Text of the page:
11. Cytogenetic characterization and genome size of the medicinal plant Catharanthus roseus (L.) G. Don

    PubMed Central

    Guimarães, Guilherme; Cardoso, Luísa; Oliveira, Helena; Santos, Conceição; Duarte, Patrícia; Sottomayor, Mariana

    2012-01-01

    Background and aims Catharanthus roseus is a highly valuable medicinal plant producing several terpenoid indole alkaloids (TIAs) with pharmaceutical applications, including the anticancer agents vinblastine and vincristine. Due to the interest in its TIAs, C. roseus is one of the most extensively studied medicinal plants and has become a model species for the study of plant secondary metabolism. However, very little is known about the cytogenetics and genome size of this species, in spite of their importance for breeding programmes, TIA genetics and emerging genomic research. Therefore, the present paper provides a karyotype description and fluorescence in situ hybridization (FISH) data for C. roseus, as well as a rigorous characterization of its genome size. Methodology The organization of C. roseus chromosomes was characterized using several DNA/chromatin staining techniques and FISH of rDNA. Genome size was investigated by flow cytometry using an optimized methodology. Principal results The C. roseus full chromosome complement of 2n = 16 includes two metacentric, four subtelocentric and two telocentric chromosome pairs, with the presence of a single nucleolus organizer region in chromosome 6. An easy and reliable flow cytometry protocol for nuclear genome analysis of C. roseus was optimized, and the C-value of this species was estimated to be 1C = 0.76 pg, corresponding to 738 Mbp. Conclusions The organization and size of the C. roseus genome were characterized, providing an important basis for future studies of this important medicinal species, including further cytogenetic mapping, genomics, TIA genetics and breeding programmes. PMID:22479673

  12. Pre-pregnancy cytogenetic analysis of general couples in eastern China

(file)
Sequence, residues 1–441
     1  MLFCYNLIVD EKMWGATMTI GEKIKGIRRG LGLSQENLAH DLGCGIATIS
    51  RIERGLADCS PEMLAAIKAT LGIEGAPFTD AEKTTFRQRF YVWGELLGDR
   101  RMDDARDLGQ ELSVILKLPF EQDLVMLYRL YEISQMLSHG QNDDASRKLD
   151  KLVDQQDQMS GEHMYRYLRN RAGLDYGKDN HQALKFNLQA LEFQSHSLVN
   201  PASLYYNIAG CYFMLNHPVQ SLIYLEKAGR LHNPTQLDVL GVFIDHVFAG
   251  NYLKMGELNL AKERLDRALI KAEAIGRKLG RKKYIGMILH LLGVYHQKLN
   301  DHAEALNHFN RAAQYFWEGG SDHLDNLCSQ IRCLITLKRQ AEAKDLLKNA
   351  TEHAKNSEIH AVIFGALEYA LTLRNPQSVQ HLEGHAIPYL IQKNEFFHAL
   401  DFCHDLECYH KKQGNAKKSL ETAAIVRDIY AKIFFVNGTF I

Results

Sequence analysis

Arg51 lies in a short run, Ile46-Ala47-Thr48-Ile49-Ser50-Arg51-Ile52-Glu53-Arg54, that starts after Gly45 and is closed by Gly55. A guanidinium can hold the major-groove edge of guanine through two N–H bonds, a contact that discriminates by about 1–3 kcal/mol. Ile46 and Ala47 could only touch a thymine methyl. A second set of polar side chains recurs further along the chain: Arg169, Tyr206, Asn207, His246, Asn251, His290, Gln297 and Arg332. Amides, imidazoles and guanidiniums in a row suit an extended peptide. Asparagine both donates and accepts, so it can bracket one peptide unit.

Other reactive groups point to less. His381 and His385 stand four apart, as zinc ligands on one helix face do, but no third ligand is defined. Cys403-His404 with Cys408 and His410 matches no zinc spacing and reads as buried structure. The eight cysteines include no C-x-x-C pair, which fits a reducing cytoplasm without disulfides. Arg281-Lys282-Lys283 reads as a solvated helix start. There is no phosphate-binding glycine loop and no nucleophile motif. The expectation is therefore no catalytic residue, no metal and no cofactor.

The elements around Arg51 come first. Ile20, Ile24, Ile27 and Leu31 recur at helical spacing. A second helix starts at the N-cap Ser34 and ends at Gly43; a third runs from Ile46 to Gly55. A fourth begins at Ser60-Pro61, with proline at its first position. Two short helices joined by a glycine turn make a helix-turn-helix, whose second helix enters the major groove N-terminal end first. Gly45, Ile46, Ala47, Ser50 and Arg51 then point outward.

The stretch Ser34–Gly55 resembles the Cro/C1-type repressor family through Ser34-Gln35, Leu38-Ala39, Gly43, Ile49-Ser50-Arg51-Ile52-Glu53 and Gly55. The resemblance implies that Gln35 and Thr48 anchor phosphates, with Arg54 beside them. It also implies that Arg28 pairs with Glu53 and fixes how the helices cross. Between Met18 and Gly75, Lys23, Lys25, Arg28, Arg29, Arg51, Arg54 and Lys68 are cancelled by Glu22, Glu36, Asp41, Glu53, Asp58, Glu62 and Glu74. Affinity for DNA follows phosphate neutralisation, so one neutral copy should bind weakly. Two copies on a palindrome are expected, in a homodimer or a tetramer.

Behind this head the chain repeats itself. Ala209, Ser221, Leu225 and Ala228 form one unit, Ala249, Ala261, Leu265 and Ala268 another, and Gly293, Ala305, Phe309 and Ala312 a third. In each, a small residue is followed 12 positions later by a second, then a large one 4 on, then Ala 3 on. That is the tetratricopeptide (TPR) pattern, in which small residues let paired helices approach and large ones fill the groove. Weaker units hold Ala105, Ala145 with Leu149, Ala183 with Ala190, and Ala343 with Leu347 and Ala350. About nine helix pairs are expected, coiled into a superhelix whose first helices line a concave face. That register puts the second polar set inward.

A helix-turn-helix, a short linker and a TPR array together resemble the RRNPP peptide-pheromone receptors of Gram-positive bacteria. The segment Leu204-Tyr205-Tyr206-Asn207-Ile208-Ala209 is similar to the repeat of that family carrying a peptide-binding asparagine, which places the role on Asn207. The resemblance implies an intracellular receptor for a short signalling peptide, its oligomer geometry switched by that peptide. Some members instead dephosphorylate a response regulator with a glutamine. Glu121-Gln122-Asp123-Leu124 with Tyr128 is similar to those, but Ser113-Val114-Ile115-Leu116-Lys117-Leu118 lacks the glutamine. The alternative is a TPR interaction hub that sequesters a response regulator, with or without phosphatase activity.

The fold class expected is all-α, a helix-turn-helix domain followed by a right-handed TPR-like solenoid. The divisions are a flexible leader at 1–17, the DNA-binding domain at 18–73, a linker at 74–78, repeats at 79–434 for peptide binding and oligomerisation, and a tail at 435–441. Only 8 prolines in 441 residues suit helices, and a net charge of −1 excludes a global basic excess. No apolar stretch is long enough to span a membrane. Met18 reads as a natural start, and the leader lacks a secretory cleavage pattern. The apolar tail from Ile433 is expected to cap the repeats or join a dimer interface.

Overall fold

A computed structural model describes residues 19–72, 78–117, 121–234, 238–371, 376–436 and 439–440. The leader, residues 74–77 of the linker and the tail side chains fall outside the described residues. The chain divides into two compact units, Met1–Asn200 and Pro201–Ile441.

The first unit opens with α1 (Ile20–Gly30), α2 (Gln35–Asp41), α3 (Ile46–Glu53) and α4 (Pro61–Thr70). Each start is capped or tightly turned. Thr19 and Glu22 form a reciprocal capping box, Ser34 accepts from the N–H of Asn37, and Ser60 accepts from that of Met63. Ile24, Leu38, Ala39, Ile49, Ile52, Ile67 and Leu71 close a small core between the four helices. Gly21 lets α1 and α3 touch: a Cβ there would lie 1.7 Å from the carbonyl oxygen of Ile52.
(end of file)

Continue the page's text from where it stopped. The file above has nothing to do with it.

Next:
PubMed Central

    Yang, Yan; Wang, Hexi; Gao, Min; Xu, Shuangshan; Xu, Xiaofen; Cao, Xinyu; Tao, Ying

    2014-01-01

    The aim of this study was to investigate the contribution of chromosomal anomalies and the frequency of particular types of aberrations in general couples preparing for pregnancy and make recommendations for pregnancy on the basis of the medical literature. A total of 6,198 general couples were included in the present study. The karyotypes were generated from the peripheral blood lymphocyte cultures and the cytogenetic analysis was performed using G-banding. In 12,396 cases, chromosomal anomalies were detected in 59 cases (0.48%, 59/12,396). Among of them, the frequency of translocation was 0.35% (n = 43). Sex chromosomal anomalies accounted for 0.07% (n = 9), including Klinefelter syndrome (KS) (n = 4), Turner syndrome (TS) (n = 4), and XYY syndrome (n = 1). The others, including inversions (n = 6) and deletion (n = 1), accounted for 0.06%. Our study indicates that clinically important chromosomal defects are present at a remarkable frequency in the general couples in eastern China, suggesting pre-pregnancy cytogenetic analysis should be routinely performed among general couples in this area so that informed decision can be made, which will help to improve the quality of the pregnancy. PMID:25428275